Last week Secretary of Defense Lloyd Austin, and Secretary of State Antony Blinken visited Japan and South Korea. After former President Trump’s mercurial, at best, relationship with these long-time U.S. allies, it is perhaps unsurprising that Tokyo and Seoul would be the first stops abroad for top officials in President Joe Biden’s Cabinet.
As a spokesperson for Blinken succinctly explained, the trip was designed “to reaffirm the United States’ commitment to strengthening our alliances.” Blinken, himself, made it clear on the first day of the trip that these alliances will, “push back, if necessary, when China uses coercion and aggression to get its way.”
These and other strategic concerns — not the least of which are the more than 92,000 U.S. military personnel stationed in both countries — ostensibly justify this trip. But, much like Donald Trump’s first trip abroad as president to Saudi Arabia, which was preceded by an extensive courting of the Trump administration by now Crown Prince Mohammed bin Salman and the kingdom’s influence peddlers in the United States, there may have been another powerful political force pushing Austin and Blinken to Japan and South Korea: the extraordinary amount of money both countries spend on lobbying in the United States every year.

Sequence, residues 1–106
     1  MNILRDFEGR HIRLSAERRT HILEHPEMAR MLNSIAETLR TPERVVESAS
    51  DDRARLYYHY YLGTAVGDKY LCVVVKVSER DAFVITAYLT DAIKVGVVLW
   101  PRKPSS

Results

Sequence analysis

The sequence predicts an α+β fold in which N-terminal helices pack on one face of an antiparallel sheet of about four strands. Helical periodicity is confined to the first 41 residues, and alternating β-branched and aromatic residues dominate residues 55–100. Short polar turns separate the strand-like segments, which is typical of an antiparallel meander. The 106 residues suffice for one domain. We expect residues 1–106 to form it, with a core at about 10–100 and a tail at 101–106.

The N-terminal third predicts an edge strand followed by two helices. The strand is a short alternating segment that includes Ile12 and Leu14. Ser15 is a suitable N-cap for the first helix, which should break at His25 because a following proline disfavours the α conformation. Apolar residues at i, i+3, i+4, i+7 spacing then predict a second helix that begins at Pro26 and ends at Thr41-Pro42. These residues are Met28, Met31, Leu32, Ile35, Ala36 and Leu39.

While Japan and South Korea disagree on much, they certainly agree on the importance of garnering greater influence in America. The sheer size of both countries’ lobbying operations in the United States is staggering. Japan and South Korea spend more on Foreign Agents Registration Act, or FARA, registered firms than any other country in the world, according to data compiled by the Center for Responsive Politics. Since 2016 Japan has spent a whopping $191 million and South Korea has spent over $165 million on FARA registered firms, according to CRP. To put this in perspective, the oft discussed Saudi lobby that helped drive Trump’s trip to Riyadh, has received just $109 million in this same time-period.
With this extraordinary spending, these countries by access, influence, effectively, a seat at the table in crafting U.S. foreign policy in the region.